[Openmcl-devel] Re: Hemlock performance investigation

Andrew P. Lentvorski, Jr. bsder at mail.allcaps.org
Fri Aug 27 23:47:31 UTC 2004


On Aug 27, 2004, at 8:58 AM, Hamilton Link wrote:

> character-at-index is being called across the whole file on every 
> keystroke. Opening a file, it looks like it's being called about 34 
> times per character in the file (which is a little odd), but then it 
> settles down to scanning across the entire file once every keystroke.

Would the buffer happen to be one monolithic Unicode NSString (or is 
something expecting to be accessing an NSString)?  If so, O(n) accesses 
occur for every call to character-at-index since this is Unicode.  It 
has to walk the entire string from the beginning since the size in 
bytes of a character is not fixed.  If you scan every character in the 
file, then that is also O(n).

You wind up with an O(n^2) algorithm.  It doesn't matter *how* much you 
speed up the constant factors.  An O(n^2) algorithm is always going to 
be slow.  A quick test of this is whether an operation at the beginning 
of the file is much faster than at the end.  At one end, things will be 
pretty close to O(n), and fast.  At the other, things should be very 
close to O(n^2), and slow.  If you have an O(n) algorithm, then things 
should range from O(n), fast, on one side to O(1), blazing, on the 
other.

Firing up the (require "COCOA") system on "cocoa-editor.lisp" shows 
that insertions at the beginning of the file are pretty slow, but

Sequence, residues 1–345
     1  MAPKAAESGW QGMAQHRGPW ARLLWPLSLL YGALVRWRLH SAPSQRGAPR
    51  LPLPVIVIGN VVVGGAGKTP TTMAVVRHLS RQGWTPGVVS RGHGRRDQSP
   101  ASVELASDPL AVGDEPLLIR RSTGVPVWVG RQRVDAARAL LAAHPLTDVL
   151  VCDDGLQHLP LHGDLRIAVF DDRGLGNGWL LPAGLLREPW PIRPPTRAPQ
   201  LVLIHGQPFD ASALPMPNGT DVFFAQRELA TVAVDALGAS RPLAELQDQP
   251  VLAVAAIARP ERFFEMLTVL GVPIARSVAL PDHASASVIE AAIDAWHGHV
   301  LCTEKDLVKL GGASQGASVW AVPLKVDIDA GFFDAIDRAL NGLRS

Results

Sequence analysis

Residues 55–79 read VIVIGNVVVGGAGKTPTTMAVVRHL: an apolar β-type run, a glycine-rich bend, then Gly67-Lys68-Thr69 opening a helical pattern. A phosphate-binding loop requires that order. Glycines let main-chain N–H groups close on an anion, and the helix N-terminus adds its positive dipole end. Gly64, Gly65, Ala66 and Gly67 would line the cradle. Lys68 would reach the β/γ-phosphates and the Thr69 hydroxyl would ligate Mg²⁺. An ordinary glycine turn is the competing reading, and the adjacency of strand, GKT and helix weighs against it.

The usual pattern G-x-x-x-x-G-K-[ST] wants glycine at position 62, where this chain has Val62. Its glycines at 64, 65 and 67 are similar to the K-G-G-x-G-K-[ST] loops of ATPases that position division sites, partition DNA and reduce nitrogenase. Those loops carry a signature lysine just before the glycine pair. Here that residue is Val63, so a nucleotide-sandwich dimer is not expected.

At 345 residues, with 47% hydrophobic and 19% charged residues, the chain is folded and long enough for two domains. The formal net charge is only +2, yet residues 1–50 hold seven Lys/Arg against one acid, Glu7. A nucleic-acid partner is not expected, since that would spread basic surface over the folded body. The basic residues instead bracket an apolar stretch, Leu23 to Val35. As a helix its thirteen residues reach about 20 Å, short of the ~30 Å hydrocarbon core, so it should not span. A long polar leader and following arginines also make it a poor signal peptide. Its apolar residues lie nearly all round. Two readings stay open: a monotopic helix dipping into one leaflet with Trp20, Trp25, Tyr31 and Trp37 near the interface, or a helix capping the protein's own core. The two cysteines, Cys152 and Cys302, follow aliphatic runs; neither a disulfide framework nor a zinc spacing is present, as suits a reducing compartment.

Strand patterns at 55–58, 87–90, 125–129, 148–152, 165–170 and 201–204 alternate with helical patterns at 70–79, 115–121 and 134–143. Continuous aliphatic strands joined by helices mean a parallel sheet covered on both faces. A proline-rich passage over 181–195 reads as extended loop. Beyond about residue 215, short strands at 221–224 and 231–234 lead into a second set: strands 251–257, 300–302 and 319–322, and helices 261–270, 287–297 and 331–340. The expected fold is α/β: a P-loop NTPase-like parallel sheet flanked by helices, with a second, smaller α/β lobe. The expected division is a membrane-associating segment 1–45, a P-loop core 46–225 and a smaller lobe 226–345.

insertions at the end of the file are pretty fast.  This is backward 
from what I would expect, but I still smell an O(n^2) problem.


There are probably two options:

1) The better option is probably to use an NSTextView.  People seem to 
be doing very nice editors with them.  (cf. subethaedit and smultron).

2) The quicker option is probably to subclass NSString, implement a 
tree structure so that index accesses aren't O(n), and
use that instead.


>  At 4.5e-5 s per call, in a 5000-character file, this makes about a 
> .25 second delay per keystroke and the bulk of the delay per, and adds 
> up to tens of seconds in the course of typing a couple of lines, so 
> it's where most of the time is going.

45e-6 s per call is not that bad.  It's not great, but it's not bad.  
Especially for something which is crossing interface boundaries.  I 
would expect something closer to 4.5e-6, but even so, that would still 
be painful for a large file.

-a




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